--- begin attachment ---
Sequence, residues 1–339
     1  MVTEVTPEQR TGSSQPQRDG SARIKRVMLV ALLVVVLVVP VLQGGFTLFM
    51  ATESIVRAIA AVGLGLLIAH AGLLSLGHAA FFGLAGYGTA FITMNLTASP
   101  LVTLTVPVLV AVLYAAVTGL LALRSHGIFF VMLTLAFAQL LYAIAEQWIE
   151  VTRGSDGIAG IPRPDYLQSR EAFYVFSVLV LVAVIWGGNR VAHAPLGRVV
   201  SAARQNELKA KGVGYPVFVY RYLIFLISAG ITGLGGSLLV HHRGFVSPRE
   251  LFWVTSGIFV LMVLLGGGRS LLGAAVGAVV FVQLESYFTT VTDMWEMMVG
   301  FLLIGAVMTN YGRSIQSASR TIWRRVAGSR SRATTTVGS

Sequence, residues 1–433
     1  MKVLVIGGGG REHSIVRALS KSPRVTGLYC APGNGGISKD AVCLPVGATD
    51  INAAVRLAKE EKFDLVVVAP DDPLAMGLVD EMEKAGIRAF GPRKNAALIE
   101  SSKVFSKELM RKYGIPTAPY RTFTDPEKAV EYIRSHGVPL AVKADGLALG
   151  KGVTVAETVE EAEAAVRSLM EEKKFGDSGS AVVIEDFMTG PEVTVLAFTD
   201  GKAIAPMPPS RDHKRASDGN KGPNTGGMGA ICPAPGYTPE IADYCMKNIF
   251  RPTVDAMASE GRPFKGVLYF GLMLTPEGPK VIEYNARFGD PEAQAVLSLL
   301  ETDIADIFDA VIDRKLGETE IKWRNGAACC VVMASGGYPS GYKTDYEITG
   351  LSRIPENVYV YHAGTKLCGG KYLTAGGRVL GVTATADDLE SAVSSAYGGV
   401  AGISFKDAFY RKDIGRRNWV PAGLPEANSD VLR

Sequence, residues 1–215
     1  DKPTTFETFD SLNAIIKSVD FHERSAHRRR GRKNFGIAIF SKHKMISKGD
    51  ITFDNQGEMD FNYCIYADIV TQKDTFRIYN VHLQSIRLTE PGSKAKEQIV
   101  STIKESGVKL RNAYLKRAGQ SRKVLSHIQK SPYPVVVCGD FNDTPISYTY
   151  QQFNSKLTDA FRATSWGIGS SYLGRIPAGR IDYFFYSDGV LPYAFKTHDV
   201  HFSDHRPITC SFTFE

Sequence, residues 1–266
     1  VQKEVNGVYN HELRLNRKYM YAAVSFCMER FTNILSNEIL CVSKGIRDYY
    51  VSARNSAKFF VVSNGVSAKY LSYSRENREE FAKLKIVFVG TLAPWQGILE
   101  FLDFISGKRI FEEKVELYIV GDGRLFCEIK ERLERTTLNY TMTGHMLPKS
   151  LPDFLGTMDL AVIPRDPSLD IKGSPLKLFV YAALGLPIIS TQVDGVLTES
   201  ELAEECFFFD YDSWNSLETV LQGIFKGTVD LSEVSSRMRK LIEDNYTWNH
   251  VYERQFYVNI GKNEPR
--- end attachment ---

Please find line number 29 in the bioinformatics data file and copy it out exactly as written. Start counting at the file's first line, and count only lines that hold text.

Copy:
   151  LPDFLGTMDL AVIPRDPSLD IKGSPLKLFV YAALGLPIIS TQVDGVLTES